DWP are on the cusp of launching their new competition for their new Employability & Health Related Services Umbrella Agreement (EHRSUA). The initiative shares many hallmarks with DWP’s current “brolly” framework, used to procure the Work & Health Programme. This time, however, competition is set to adopt different tier levels, reflecting different contract value thresholds.

 

In simple terms, this means one framework for high value contracts worth over £5m per year, and others for medium and lower value contracts. At face value this makes some sense. Big “primes” don’t always see a business case to bid for lower value provisions in specific geographies, but which may instead be ideal for their smaller, local counterparts. For the logic of this to work, however, you need to have a lot more suppliers in the lower tiers.

DWP have suggested a cap of 5 providers in each of seven Lot areas across Great Britain, in each of it’s 3 proposed EHRSUA tiers (with respective annual contract values of £5m+, £1m to £5m, and sub £1m). The seven Lot Areas reflect DWP’s existing core contracting regions, namely Central England, North East, North West, Home Counties, Scotland, Wales, and Southern England.

So, what does this mean in practice? Well, Lot 2 (North East England) covers an area from the East Midlands to the border of Scotland. This means that if you are a small provider from Derby who has secured a place in the sub £1m tier for Lot 2, you may also be expected to bid for lower value business in Newcastle upon Tyne, some 160 miles further north. It is hard to see how any smaller provider could give DWP an unconditional commitment to bid for every available Lot contract on this basis.

There is also the question of market specialism. DWP’s needs are varied, covering everything from self-employment support to very specialist health related services. This highlights a need to have a much broader pool of providers to be available at the bottom of the pyramid to cater for such varied needs. The alternative is that we will simply see DWP carrying out more purchasing outside of the EHRSUA, which arguable defeats its primary purpose.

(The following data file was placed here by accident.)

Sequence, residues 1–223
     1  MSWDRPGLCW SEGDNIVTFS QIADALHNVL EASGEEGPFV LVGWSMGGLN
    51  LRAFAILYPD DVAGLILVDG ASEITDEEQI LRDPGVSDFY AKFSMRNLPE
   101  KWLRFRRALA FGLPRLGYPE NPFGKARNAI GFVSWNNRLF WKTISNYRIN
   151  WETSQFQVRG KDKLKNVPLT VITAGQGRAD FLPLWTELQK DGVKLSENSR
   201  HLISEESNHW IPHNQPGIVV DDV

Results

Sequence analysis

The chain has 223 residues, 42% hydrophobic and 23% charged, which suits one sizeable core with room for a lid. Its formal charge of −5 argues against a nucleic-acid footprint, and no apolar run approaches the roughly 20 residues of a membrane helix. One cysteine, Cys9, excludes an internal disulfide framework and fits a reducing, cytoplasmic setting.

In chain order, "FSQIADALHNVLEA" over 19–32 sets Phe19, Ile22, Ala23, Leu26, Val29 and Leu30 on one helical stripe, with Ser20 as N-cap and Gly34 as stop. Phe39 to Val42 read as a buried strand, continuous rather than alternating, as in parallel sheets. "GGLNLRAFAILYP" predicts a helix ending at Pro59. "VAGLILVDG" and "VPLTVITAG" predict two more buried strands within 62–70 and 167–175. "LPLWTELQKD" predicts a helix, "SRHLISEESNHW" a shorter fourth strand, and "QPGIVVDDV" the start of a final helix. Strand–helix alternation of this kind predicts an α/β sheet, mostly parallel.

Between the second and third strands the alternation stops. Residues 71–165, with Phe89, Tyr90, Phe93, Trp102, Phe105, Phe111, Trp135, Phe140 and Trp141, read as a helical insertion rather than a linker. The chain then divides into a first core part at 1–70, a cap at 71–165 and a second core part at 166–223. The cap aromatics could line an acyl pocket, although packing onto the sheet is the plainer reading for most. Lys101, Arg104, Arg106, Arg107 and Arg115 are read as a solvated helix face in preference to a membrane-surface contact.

This in turn raises the question as to whether the same selection criteria will be valid for each tier. For example, providers delivering contracts valued at over £5m p/a are more likely to wish to subcontract part of this provision, creating a need to test their competency in supply chain management. Providers delivering contracts worth less than £1m p/a will very likely prefer to directly deliver the full contract value, making supply chain management a far less relevant competency to test.

And what about the top tier? If 5 providers per Lot is insufficient in the lowest value tier, is it equally the right number per Lot for the highest value contracts? 5 bidders would result in a manageable level of competition and should always produce a capable and competent winner. Recent years have, however, been defined by market mergers and acquisitions. Furthermore, many of the same “big” names could be selected in both Tier 1 and Tier 2 for each Lot, further restricting market choice in practice. A little more depth in the top tiers may help better futureproof EHRSUA for the longer term.

If nothing else, the competition is bound to be compelling to follow, and there is lots for DWP to digest.

If you are considering applying to join the EHRSUA, and perceive that you may need help in preparing a winning application, or if you just want to find out more, please feel free to e-mail us at info@carleyconsult.co.uk or call us on 01302 361630.